“Thursday, members of Occupy Wall Street took a step toward forcing the city of New York to reveal the facts of that night to the public, as they filed a federal lawsuit against the city, Mayor Michael Bloomberg, Police Commissioner Raymond Kelly and Sanitation Commissioner John Doherty, seeking to hold them accountable for violations of their constitutional rights in the course of the raid, as well as subsequent smaller raids that targeted the People’s Library - the movement’s most visible demonstration, through the collection and sharing of books in public spaces, of the rights to free speech and free assembly.
Months after the raid, the People’s Library still represents one of the more chilling chapters in the movement’s short history: the political repression of books and of those who curate them. Two librarians were arrested in the raid and others have been targeted for harassment and arrest simply for displaying books in the public parks when Occupy holds actions and other events in them. “This is why I was sleeping out in these parks all those nights in the first place,” said librarian Frances Mercanti-Anthony. “This kind of injustice.”“
The US loses ground in yet another world press freedom ranking - from the just released Freedom House report:
“The overall score declined by one point due to detentions, rough police tactics, and other difficulties encountered by journalists while covering protests associated with the Occupy
According the Freedom House the US is ranked 22 in press freedom worldwide. Reporters Without Borders earlier placed the US at 47 in the world for press freedom (a drop of 22 places due in large part to journalist arrests at Occupy protests).”
If you have been in an airport, train or just about any major city in the US in the past few years you have seen the Department of Homeland Security’s campaign “See Something, Say Something.” In the lead up to the May First protests and general strike I wanted to remix that idea to encourage people to spread the word about press suppression and journalist arrests. Below are two posters designed to loosely mimic this DHS poster. Please share them, spread them, remix them.
Remember - if you are covering the events around May First, look out for your fellow journalists and photographers and if you see press suppression or arrests tag your tweets, videos, and photos with #journarrest. Send tips to me on Twitter @jcstearns.
Images by @PWeiskel08 and @Katz.
By Laurie Penny
“I thought I got into journalism to tell truths and right wrongs and occasionally get into parties I wouldn’t normally be cool enough to go to. Right now though, with a few exceptions, professional journalism is rarely seen as an exercise in holding power to account. Justly or unjustly, the media, especially but not exclusively the mainstream, corporate-controlled press, has come to be seen as the enemy of the voiceless rather than their champion. Justly or unjustly, few people believe what they read in the papers or watch on the news anymore, because belief has long ceased to be quite as important as complicity when it comes to the Daily Mail, the Daily Post or News International. On the streets of Athens and Madrid as well as during the London riots of August 2011, journalists have been threatened and attacked by desperate young people making havoc in the streets. Why? Not because these young people don’t want to be seen, but because they don’t want to be seen through the half-closed eyes of privilege.”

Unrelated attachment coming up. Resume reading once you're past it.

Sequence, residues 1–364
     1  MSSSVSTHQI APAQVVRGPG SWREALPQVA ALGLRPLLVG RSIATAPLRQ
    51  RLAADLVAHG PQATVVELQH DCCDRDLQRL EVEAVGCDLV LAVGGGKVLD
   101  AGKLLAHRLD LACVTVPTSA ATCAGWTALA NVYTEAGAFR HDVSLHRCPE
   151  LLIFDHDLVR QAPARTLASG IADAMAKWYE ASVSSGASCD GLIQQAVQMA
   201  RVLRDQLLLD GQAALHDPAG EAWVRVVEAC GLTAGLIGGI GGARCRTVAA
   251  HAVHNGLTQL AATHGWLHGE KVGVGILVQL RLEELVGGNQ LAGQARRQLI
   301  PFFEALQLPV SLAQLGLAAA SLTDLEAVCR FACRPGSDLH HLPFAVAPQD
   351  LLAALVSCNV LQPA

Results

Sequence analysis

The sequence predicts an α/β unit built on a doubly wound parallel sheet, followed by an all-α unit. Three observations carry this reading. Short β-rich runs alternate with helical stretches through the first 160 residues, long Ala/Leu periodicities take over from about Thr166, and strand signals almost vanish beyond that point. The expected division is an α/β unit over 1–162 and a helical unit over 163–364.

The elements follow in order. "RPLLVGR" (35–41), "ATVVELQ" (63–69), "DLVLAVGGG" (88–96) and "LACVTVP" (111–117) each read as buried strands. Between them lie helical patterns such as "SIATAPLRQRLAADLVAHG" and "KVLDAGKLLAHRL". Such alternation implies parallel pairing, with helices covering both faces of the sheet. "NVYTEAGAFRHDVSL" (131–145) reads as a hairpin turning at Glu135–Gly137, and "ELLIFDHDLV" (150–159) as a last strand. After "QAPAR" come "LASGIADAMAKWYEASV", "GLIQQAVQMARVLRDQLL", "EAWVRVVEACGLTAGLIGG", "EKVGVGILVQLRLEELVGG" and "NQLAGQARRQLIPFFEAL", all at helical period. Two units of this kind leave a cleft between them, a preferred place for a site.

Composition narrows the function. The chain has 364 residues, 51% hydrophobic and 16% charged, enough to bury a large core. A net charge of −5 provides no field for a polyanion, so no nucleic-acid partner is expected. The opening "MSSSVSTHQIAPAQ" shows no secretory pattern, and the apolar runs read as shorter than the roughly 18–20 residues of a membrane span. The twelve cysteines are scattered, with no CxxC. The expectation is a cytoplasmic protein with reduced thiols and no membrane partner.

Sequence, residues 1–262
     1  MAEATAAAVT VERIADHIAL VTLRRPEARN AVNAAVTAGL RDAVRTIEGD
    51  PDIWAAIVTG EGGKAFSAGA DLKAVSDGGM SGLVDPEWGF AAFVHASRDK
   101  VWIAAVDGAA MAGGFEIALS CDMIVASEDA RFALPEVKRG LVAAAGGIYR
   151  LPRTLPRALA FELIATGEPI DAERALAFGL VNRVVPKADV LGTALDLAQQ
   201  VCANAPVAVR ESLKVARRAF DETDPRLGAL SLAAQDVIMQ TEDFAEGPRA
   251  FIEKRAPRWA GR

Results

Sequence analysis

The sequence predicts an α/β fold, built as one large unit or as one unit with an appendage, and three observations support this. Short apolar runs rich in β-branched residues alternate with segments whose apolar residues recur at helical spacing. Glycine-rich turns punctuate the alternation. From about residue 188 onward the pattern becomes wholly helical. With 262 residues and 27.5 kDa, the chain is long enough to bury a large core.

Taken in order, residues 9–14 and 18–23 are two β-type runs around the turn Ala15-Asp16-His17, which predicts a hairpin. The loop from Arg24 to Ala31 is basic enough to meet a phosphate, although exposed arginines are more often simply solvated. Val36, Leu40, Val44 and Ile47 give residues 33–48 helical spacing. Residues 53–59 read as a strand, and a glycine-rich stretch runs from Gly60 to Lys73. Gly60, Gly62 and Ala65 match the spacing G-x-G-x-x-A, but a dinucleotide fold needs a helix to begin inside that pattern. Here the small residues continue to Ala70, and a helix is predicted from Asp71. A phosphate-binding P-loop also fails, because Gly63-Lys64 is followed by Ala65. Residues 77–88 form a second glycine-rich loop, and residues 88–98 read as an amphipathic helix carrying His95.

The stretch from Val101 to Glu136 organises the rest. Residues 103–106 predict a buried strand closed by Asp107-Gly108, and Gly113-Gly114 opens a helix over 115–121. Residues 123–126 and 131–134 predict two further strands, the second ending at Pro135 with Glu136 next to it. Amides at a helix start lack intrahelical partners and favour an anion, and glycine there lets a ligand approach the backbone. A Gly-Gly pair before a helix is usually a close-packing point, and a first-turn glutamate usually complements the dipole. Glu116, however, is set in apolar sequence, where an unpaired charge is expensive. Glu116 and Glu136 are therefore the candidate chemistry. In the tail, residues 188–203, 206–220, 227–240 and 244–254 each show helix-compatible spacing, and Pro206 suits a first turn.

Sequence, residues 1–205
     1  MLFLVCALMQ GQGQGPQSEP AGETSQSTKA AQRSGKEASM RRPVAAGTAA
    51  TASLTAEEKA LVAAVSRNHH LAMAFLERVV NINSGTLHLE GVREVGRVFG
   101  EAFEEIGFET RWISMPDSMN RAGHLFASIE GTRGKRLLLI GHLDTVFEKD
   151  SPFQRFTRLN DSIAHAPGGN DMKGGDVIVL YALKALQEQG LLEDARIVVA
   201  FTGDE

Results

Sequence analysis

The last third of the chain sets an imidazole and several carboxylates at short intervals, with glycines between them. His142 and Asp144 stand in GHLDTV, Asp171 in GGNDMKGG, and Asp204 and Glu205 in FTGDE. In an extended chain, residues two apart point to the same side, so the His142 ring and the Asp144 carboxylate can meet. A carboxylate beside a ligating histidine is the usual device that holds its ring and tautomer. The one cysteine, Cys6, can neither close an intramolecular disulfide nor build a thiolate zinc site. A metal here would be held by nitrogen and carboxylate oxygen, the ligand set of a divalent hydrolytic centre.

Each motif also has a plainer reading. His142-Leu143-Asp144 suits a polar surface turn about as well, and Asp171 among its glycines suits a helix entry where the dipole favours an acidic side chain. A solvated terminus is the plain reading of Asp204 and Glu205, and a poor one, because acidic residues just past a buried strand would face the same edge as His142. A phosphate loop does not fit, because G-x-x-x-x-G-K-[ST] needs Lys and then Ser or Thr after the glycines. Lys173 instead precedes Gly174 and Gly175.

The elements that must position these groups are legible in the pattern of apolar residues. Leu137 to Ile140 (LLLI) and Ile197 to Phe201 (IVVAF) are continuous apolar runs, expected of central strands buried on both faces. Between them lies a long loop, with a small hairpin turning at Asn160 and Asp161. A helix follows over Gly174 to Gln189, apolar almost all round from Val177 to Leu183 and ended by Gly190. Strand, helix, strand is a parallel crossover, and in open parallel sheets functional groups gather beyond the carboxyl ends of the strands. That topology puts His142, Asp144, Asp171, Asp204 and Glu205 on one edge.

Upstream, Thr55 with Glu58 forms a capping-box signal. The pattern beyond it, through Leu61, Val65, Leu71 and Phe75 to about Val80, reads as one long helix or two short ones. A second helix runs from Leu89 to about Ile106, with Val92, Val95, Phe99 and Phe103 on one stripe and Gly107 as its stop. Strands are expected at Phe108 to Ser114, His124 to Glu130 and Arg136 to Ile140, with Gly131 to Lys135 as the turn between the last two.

Read the excellent, nuanced and complicated full post here: http://www.warrenellis.com/?p=13926
“In response to the need for real coverage of our movement, independent journalists have worked tirelessly to document Occupy since the beginning. OccupyWallSt.org was one of the first movement-based sources of information to arise even before the Occupation of Liberty Square. Thanks to our horizontal, participatory structure, we are now just one of many - more than we could count. Dozens of other media sources have arisen since, across virtually every type of media from print magazines to Tumblr. While the mainstream media may claim that our movement in waning, the truth is that there far too much happening across the country and the world for one website to cover - even one focused on the Occupy movement like ours. We not only encourage people to read movement-based journalism, we also encourage anyone who is interested to get involved with existing projects, donate resources, or start making your own!”
Over the weekend Occupy Wall Street protesters re-occupied Zuccotti Park in New York City, and police moved quickly and in many cases violently to end the occupation. In the fray at least three citizen journalists appear to have been arrested and many other reporters, both citizen and professional, described harassment and violence from the NYPD. The photo above is from Andrew Katz.
If you are just catching up on the events of the weekend here are some of the best links from around the web.
Storify on Policy Brutality by @MegRobertson: http://storify.com/megrobertson/essential-videos-pics-from-m17-at-zuccotti-park
Storify on Press Suppression by @bendoernberg: http://storify.com/bendoernberg/nypd-vs-the-press
J.A. Meyerson on the Police Raid: http://www.truth-out.org/re-occupation-and-police-raid-zuccotti-park-set-tone-radical-spring/1332097105
Huffington Post on the Re-Occupation: http://www.huffingtonpost.com/2012/03/16/occupy-wall-street-6-months-later_n_1352752.html?ref=new-york&ir=New%20York
New York Times “Scores Arrested”: http://cityroom.blogs.nytimes.com/2012/03/17/arrests-made-as-protesters-mark-occupy-wall-streets-six-month-anniversary/
The Guardian’s Ryan Devereaux was there: http://www.guardian.co.uk/world/2012/mar/18/occupy-wall-street-six-month-anniversary?CMP=twt_gu